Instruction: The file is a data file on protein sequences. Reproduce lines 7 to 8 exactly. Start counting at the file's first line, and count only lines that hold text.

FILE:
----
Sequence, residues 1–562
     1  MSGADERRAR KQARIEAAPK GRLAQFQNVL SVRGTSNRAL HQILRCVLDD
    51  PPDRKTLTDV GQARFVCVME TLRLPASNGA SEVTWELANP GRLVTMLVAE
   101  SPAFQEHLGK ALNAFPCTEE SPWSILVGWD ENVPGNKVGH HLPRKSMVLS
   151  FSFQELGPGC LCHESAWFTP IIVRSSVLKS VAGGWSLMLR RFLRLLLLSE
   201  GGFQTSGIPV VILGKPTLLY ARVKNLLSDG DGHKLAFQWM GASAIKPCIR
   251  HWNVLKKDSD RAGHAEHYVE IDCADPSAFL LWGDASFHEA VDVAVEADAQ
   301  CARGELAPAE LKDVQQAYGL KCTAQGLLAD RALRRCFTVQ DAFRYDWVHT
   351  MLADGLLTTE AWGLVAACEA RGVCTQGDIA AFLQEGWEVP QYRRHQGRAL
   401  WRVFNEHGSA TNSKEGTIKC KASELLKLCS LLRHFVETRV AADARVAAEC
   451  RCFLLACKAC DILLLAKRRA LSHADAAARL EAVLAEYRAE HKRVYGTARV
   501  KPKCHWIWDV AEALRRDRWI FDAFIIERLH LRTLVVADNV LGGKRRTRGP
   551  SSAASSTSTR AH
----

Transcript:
   251  HWNVLKKDSD RAGHAEHYVE IDCADPSAFL LWGDASFHEA VDVAVEADAQ
   301  CARGELAPAE LKDVQQAYGL KCTAQGLLAD RALRRCFTVQ DAFRYDWVHT